If I sit at a desktop computer in the school staffroom and create a document, I want to be able to edit that document at home on my laptop, or share it with others at a meeting at another school on my iPad. Anytime, anywhere.

If a student begins work on a project in their classroom, they expect to be able to edit their work in the school library, or at home, or maybe at the town library after school, on whatever platform they prefer to use. Desktop, laptop, or other mobile device. Without worrying about having the correct version of software installed on each device.

The traditional file-server at the centre of the school network is fast becoming a dinosaur. Unless you are able to provide a huge file-storage capacity, and make files stored on your server accessible 24/7 from any location on a variety of devices, your server technology is only going to impede the progress of enthusiastic teachers and students. Even worse, it will be bypassed by innovative students and teachers in favour of other more accessible options.

As part of an accessible model, we need to rethink what software we use, and how we store the files created by teachers, students and school administrators.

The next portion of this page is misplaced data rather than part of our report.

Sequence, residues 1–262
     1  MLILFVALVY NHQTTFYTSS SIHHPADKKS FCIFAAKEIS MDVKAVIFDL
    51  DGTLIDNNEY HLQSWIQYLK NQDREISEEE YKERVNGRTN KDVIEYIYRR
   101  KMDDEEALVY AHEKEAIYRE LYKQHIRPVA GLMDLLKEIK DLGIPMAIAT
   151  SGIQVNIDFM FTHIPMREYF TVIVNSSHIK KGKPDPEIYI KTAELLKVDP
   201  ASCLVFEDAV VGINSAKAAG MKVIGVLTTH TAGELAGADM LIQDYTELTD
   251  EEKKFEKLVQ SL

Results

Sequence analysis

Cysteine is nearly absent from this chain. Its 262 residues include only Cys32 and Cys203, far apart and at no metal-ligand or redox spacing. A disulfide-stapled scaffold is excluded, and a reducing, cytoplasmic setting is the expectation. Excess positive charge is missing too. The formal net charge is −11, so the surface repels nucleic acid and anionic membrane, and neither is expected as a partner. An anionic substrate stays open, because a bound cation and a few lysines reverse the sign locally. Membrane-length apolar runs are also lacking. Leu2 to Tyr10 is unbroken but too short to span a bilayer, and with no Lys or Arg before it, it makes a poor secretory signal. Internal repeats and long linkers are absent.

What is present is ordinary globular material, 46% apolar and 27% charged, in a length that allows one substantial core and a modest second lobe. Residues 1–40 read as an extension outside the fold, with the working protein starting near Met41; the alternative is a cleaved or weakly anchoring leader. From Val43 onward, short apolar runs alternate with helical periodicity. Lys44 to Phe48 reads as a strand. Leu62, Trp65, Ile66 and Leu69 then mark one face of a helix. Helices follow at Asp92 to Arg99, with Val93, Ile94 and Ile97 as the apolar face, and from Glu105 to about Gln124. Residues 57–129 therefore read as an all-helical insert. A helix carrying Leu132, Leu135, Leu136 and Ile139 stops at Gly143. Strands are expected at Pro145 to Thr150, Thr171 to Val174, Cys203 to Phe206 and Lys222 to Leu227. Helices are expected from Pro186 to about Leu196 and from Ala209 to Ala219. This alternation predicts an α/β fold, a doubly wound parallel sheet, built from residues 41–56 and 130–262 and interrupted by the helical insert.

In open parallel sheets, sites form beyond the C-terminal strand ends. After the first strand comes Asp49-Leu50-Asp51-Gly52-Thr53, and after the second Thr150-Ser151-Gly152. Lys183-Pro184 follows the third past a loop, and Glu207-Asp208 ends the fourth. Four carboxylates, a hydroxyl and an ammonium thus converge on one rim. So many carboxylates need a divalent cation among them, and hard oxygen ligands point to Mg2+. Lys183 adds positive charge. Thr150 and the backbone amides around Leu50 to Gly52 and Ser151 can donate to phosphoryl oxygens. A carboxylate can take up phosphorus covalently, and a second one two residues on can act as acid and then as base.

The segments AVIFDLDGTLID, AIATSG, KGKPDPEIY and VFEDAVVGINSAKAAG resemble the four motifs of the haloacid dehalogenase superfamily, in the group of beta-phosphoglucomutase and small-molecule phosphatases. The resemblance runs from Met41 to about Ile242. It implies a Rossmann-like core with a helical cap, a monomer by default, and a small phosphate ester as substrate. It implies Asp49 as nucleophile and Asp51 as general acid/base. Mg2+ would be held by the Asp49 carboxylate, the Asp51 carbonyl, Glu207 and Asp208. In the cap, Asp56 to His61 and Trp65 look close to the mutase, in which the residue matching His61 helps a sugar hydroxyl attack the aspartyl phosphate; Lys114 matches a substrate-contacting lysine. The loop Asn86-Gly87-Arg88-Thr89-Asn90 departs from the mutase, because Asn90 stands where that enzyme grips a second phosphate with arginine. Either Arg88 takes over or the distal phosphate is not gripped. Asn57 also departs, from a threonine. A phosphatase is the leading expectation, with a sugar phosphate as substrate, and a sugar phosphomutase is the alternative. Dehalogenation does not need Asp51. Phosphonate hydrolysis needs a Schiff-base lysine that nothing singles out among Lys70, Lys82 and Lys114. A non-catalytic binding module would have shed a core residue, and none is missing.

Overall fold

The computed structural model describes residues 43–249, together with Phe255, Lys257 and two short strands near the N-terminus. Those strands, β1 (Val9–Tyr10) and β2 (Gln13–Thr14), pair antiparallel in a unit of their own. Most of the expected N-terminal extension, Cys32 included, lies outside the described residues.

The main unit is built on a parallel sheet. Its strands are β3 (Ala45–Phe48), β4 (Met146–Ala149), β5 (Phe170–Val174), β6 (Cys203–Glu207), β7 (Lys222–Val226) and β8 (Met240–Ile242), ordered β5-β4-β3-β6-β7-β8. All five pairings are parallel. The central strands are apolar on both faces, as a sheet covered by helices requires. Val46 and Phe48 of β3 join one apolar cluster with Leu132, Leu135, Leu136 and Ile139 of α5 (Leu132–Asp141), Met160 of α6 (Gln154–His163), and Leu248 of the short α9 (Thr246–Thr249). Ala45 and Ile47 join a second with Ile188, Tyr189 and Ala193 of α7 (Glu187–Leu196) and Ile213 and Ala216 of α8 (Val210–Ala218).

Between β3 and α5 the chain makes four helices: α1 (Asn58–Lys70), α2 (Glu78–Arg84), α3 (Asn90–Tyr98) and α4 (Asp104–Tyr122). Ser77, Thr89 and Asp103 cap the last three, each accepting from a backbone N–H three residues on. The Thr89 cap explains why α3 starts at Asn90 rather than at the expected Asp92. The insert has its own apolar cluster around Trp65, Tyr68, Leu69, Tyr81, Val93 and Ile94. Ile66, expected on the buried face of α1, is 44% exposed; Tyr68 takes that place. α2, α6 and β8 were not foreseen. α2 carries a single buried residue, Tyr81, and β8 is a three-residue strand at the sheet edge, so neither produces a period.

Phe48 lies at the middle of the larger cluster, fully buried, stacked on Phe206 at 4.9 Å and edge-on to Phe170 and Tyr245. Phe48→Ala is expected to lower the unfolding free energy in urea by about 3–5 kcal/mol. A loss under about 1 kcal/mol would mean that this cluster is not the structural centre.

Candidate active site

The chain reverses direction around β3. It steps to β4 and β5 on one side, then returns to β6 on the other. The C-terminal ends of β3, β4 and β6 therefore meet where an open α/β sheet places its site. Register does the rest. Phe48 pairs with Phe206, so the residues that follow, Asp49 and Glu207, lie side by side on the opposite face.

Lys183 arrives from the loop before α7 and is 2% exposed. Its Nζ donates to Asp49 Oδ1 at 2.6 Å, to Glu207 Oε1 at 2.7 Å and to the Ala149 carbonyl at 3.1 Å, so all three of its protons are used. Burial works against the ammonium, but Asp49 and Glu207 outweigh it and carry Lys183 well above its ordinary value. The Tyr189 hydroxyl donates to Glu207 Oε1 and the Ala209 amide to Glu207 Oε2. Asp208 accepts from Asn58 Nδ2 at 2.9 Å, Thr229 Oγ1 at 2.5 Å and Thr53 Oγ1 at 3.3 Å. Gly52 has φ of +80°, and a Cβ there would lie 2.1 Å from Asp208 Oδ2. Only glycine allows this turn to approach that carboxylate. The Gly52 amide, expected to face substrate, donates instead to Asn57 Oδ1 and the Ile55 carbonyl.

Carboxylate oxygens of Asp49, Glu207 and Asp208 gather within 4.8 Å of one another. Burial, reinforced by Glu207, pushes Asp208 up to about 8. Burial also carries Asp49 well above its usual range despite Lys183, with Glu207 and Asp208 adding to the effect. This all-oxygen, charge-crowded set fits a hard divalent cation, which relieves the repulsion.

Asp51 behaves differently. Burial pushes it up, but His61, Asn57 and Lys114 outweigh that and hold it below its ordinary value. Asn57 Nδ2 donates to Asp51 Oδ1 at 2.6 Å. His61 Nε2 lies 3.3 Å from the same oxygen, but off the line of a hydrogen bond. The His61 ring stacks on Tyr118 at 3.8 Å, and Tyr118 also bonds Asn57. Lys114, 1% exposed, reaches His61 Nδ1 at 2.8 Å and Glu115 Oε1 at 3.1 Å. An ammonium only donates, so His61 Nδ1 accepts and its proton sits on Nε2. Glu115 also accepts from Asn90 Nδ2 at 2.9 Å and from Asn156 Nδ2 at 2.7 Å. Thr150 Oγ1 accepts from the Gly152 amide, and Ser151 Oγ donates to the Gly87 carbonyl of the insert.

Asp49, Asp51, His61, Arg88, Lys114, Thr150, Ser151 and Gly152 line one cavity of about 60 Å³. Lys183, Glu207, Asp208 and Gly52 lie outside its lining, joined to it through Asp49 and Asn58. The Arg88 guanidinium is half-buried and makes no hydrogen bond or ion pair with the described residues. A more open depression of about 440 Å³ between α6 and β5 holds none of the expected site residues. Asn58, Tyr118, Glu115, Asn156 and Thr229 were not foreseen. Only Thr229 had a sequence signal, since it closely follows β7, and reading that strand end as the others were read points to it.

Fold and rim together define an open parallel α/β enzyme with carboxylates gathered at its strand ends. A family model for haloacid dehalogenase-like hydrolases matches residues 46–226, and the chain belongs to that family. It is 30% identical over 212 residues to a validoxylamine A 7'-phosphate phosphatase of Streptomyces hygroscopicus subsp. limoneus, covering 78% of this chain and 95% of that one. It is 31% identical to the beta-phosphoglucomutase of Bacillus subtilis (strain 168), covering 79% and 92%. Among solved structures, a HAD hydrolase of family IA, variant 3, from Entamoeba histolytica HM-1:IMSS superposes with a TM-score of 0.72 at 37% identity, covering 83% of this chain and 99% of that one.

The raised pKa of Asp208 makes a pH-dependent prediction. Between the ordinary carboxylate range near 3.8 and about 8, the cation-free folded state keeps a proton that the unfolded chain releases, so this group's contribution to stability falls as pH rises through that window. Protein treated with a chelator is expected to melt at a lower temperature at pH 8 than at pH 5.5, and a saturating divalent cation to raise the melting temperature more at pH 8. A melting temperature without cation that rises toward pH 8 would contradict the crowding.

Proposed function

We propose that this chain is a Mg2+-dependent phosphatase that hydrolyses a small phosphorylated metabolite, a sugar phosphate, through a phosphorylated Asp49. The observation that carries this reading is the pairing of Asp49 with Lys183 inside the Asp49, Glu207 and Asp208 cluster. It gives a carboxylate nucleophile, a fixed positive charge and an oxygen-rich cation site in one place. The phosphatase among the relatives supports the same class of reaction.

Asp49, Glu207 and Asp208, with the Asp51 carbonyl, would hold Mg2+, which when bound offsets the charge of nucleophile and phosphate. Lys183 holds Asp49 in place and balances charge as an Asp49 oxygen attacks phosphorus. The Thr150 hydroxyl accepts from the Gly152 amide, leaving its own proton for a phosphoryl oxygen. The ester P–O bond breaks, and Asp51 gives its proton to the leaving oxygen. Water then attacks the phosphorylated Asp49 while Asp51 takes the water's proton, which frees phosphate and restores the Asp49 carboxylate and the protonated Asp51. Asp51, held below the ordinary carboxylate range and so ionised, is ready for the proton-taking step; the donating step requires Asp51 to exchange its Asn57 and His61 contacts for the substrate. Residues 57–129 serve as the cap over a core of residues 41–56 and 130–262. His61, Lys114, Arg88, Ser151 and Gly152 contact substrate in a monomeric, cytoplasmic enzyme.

Google Apps for Education is an obvious option to consider. This service provides every teacher and student with universal access, unlimited space for personal email and file storage, along with a suite of software, accessible on multiple devices from any location with internet access. All for free.

If your school isn’t able to go down the full Google Apps path (maybe because of school network/policy restrictions), you might explore individual Google accounts, or other ‘cloud’ options such as Dropbox and Box.

If your office admin and executive staff, for example, share documents (such as the school newsletter) with each other, why not set them up with a free Dropbox account, and some shared folders for their collaborative files? Or move the newsletter format over to Google Apps, and share the newsletter file with the relevant contributors? These files will be accessible from any computer, laptop, tablet or smartphone, from school or home, and all backed up for free, with no effort on the part of any school personnel.

Maybe try the same model with Stage or Year teachers. Or the school executive.

Create free accounts and experiment with online file storage:

4. Professional Collaboration

CollaborationIntroducing new ideas often involves moving people from the known to the unknown.

Most teachers are comfortable with the idea of storing files in their home folder on the school server. So storing files on a cloud service such as Drive or Dropbox shouldn’t be too much of a leap.

Once the move to the cloud has been implemented, the sharing of stored documents is a logical step.

Co-editing shared documents is a useful tool for administrators working on shared documents.